Besides direct editing, linking is one of the main vectors for end-user control and customization.
The triple script module system will also be extended to accommodate some kind of "libpacks"—filling a similar role to shared objects in the world of "native" executables. These will be pre-compiled bundles that are still intended to be dropped into a repo and vendored like script modules, but the bundle will be an agglomeration of modules likely to be maintained independently of the project and upgraded all-at-once.
The triple script linkage model can be understood in terms of the model used for the C programming language, even though they are not the same model. To achieve sane external linkage, each module is allocated at most one privileged binding—which is privileged in the sense that this binding is permitted promote a name from internal linkage (with respect to the module) into the program's global scope. (Any other top-level binding is unprivileged, i.e. it cannot be an export, although imports are allowed.) This global scope is shared among all a program's modules—which due to the self-containedness philosophy are all linked into the same file.
There can be no name collisions, because the triple script execution environment has no way to resolve them.
Name bindings at the top-level are generally statically resolvable, being either an export or created with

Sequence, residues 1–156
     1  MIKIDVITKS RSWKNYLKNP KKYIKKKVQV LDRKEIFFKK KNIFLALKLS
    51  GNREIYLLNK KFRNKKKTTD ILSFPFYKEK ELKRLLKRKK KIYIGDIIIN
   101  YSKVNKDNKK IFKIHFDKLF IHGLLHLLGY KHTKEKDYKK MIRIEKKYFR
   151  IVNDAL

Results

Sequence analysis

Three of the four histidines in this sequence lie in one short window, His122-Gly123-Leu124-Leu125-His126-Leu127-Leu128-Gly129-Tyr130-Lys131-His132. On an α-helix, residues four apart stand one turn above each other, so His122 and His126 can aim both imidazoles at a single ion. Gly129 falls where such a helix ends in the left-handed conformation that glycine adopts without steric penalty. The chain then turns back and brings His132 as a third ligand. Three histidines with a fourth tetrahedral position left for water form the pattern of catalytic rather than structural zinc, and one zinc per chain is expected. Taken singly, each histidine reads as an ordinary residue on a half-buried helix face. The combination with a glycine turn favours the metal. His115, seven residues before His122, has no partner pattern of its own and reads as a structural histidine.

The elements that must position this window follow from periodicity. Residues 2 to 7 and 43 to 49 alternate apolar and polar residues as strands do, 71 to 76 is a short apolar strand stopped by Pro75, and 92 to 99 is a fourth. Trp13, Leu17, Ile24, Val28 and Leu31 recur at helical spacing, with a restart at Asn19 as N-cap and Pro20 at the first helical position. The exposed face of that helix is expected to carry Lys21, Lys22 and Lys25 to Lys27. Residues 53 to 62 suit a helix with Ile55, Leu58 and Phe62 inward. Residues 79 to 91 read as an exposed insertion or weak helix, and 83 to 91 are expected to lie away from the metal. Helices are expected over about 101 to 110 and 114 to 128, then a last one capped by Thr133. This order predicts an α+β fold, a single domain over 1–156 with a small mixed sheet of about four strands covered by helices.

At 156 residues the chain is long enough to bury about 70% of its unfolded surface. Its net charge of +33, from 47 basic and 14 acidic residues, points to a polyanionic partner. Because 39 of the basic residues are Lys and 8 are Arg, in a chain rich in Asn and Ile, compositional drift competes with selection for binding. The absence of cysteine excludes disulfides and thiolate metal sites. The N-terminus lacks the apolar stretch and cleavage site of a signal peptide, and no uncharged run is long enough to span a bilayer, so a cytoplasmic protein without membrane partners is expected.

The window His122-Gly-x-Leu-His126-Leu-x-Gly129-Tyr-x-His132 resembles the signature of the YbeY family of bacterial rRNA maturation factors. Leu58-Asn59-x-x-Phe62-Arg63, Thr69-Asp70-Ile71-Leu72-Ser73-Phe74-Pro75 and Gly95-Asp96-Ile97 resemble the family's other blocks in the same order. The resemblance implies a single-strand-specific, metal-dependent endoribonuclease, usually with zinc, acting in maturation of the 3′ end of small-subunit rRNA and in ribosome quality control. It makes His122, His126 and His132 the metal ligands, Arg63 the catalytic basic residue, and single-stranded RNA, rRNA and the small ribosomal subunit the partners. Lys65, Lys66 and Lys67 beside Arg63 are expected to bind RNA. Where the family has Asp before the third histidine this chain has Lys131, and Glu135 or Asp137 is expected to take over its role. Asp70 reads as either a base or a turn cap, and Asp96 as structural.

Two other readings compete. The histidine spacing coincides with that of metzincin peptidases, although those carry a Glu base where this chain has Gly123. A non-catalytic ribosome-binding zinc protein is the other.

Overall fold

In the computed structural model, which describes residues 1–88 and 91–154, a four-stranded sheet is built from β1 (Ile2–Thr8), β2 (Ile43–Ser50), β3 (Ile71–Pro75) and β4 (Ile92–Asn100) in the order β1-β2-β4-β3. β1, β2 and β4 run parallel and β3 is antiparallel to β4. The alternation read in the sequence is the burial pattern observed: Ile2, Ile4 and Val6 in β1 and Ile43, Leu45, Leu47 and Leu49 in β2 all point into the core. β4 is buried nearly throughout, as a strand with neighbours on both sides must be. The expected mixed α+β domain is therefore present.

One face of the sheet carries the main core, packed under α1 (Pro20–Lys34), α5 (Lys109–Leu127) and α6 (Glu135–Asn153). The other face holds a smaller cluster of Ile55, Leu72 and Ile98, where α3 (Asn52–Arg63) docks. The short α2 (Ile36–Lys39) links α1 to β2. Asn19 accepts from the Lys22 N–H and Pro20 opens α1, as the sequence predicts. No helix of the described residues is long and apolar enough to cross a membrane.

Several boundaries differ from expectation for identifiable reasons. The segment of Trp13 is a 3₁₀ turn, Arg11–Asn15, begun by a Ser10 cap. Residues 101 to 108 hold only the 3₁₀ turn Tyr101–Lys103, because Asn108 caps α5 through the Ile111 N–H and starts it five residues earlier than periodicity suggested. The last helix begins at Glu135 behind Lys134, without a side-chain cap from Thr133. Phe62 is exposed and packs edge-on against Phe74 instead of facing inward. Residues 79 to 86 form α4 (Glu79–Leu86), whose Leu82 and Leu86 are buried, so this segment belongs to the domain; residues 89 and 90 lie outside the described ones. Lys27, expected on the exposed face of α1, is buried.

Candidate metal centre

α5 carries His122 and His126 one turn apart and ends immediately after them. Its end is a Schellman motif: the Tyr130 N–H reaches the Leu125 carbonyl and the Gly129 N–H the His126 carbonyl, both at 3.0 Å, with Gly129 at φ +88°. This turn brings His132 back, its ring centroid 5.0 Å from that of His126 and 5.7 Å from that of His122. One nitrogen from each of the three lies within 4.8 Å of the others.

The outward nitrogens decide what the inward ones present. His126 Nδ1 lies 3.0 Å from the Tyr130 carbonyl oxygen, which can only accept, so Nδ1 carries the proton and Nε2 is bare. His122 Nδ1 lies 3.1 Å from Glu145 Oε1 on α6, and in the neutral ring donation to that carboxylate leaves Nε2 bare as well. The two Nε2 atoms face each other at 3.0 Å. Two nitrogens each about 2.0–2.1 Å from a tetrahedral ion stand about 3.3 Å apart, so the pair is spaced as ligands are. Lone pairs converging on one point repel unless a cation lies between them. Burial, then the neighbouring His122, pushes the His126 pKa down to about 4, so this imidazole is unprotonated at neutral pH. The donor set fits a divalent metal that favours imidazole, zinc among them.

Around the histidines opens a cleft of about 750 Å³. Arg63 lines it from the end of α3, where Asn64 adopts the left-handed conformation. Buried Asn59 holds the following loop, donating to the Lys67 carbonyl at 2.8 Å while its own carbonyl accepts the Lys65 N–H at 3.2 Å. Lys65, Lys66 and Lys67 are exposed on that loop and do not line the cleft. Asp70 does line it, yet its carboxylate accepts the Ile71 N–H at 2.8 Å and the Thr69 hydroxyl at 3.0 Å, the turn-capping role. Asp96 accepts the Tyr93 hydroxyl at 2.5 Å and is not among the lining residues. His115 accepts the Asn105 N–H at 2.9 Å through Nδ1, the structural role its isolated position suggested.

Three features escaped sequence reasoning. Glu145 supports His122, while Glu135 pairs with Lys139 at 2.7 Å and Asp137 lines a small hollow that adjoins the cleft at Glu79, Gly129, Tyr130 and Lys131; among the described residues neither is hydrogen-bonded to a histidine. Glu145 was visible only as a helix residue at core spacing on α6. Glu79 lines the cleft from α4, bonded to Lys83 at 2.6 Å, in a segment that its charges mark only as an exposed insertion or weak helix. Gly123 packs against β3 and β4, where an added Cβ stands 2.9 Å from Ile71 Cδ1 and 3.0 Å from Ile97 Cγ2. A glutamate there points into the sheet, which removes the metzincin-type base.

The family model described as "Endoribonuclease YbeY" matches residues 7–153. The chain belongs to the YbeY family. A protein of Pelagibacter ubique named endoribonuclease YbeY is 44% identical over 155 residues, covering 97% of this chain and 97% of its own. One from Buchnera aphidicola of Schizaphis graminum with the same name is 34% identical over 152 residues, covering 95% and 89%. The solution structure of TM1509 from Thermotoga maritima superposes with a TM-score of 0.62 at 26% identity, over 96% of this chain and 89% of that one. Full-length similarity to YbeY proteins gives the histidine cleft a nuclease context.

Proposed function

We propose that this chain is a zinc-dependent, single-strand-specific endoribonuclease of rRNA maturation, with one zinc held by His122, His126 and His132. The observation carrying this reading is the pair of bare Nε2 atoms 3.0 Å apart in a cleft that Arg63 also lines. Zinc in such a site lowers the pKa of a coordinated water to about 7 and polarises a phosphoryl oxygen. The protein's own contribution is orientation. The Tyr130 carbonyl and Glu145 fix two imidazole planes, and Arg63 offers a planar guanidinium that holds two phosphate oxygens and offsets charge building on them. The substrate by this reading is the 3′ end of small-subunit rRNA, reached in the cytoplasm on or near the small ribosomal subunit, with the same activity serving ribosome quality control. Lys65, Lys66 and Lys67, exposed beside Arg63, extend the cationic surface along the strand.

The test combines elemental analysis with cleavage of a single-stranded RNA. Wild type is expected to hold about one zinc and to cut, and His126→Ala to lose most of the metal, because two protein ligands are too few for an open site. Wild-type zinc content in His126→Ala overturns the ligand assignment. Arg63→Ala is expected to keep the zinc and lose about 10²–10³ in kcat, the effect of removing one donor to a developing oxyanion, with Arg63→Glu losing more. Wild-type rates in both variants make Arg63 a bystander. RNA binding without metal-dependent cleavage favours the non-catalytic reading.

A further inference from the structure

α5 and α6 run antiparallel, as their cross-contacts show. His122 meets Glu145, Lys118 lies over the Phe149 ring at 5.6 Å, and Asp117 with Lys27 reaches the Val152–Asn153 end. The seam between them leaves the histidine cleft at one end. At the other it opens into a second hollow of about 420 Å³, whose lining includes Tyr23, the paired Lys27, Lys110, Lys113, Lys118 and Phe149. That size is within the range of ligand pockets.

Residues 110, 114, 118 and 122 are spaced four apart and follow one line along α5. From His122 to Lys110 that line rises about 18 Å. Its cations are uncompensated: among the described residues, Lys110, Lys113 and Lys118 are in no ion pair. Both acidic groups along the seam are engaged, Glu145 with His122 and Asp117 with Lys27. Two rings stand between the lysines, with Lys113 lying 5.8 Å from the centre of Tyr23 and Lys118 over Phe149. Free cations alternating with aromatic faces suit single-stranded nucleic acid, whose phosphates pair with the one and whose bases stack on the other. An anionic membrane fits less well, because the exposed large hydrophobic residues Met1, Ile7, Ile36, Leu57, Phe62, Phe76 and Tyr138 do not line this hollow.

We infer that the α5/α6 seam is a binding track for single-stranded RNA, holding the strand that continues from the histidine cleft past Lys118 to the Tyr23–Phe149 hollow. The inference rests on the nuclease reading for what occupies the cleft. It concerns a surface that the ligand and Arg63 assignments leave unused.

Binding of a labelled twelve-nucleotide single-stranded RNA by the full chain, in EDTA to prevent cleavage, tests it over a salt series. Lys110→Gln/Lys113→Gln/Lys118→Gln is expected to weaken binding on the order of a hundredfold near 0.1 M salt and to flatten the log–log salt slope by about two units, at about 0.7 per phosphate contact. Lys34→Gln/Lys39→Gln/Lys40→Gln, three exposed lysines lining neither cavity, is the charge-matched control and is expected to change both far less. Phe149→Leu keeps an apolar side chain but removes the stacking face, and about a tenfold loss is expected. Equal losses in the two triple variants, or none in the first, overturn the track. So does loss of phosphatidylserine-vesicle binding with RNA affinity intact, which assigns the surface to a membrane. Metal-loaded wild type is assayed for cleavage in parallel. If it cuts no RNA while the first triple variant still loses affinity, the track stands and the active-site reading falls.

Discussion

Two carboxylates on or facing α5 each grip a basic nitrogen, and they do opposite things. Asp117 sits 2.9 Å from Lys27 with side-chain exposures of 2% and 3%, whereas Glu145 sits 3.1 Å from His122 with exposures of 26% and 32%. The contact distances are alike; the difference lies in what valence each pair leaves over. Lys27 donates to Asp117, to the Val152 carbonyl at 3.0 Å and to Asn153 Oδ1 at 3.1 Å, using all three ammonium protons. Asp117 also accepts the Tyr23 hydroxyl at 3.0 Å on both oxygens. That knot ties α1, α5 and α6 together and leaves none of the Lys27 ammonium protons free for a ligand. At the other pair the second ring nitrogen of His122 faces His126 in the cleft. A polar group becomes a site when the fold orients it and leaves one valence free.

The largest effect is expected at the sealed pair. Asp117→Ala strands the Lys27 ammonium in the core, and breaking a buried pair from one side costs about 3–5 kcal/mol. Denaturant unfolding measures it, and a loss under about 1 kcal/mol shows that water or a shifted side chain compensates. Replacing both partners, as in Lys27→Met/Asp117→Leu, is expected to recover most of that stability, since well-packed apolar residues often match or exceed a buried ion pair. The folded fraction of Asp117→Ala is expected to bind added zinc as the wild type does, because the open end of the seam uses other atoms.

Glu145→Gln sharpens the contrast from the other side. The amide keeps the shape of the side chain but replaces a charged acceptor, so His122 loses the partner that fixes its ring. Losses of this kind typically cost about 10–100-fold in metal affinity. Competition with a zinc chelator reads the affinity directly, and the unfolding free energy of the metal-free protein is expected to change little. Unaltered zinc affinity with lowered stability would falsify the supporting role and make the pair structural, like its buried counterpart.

import statements, with exactly one escape hatch: typeof checks. With
typeof, a programmer can defer the binding of a given name to runtime, while keeping name visibility statically decidable. A program can thus interface with user-supplied modules/libpacks without the program's original author having explicitly and statically linked against those targets themselves. I.e., the user may concretely link in new modules (producing a new file, consisting of the original program augmented with the additional modules), or execute the triple script in an environment that dynamically achieves the equivalent (with no intermediate file produced). The latter should be rare and happen solely at the direction of the user, rather than it being typical for program authors to distribute code with the intent (or requirement) that it be used this way. The self-containedness principle is one of the three pillars of the triple script philosophy, and is not optional.